From the time I have a recollection of rational thoughts as a human, I have been a people-pleaser. First with my parents, then with my friends, college buddies, work colleagues, and ultimately my extended family. It takes me an achingly long time to feel comfortable enough with someone to reveal my true self.
This led to elaborate changes in my personality from group to group. I was one self with my friends, another with my parents, and yet a totally foreign one to Bill’s family because I really wanted his family to like me. It was exhausting to change up my self for every gathering and every person I encountered. And yet it worked. People seem to like me. But it isn’t like I’m vying for an Oscar, here. I never lied about who I was, I just toned down the jokes or became the perfect daughter or grew very quiet. No one knew who I really was, perhaps because I myself did not know.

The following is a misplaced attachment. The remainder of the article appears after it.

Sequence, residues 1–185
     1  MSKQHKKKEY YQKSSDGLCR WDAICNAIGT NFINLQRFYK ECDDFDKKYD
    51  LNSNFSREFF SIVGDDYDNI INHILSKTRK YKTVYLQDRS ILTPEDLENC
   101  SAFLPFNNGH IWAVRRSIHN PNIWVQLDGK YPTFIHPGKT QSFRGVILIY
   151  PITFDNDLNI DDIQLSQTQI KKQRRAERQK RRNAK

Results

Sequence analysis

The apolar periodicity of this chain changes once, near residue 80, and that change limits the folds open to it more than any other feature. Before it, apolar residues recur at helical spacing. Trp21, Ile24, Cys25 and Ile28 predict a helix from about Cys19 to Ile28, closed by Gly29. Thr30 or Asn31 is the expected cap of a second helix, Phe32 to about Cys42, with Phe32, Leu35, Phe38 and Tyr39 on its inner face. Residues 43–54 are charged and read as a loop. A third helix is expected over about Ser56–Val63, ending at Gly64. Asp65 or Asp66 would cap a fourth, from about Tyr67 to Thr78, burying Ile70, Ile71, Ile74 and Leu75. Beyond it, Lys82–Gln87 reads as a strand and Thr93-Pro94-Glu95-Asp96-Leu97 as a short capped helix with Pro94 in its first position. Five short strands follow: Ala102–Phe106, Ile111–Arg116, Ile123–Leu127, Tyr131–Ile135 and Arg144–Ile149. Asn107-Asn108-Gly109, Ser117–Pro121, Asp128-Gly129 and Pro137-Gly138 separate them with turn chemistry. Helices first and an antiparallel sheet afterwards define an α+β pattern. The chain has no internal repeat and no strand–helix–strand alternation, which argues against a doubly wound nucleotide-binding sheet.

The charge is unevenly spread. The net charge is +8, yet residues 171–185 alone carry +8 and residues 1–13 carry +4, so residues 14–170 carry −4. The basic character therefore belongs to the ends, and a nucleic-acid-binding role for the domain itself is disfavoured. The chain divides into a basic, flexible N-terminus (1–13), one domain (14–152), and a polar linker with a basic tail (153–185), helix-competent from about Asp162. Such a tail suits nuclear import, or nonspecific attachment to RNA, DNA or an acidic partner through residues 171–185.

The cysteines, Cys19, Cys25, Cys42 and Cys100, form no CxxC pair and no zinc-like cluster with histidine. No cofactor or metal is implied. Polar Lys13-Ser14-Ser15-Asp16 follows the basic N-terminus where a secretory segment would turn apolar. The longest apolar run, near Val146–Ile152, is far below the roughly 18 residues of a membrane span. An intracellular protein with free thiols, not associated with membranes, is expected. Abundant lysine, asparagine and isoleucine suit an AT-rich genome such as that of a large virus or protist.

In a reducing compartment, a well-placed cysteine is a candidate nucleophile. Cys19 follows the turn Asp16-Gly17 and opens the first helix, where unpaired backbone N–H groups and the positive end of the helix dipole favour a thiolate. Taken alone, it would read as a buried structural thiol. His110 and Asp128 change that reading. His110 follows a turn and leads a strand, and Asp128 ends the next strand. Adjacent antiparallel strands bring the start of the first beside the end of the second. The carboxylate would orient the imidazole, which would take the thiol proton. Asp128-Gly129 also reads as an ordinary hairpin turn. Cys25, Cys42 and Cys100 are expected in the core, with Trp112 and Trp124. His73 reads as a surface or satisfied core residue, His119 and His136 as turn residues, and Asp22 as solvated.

Writer Joan Didion once said, “I don’t know what I think until I write it down.” I would change this to say, “I don’t know who I am until I write it down.” Sometimes I write things and when I go back and reread what I have put on the page, I think, “Wow, I never knew I was like that.” My thoughts are much more easily converted into words on a page than words coming from my mouth. But I want to drop the act. People-pleasing may have served me in the past but it is becoming increasingly difficult. I want to be one self—myself—all the time. If you like me, that’s awesome and if you don’t, I’ll just have to find a way to live with that.
So it’s just me, then. Ever onward with a blank screen as a blinking cursor beckons me to write my truth.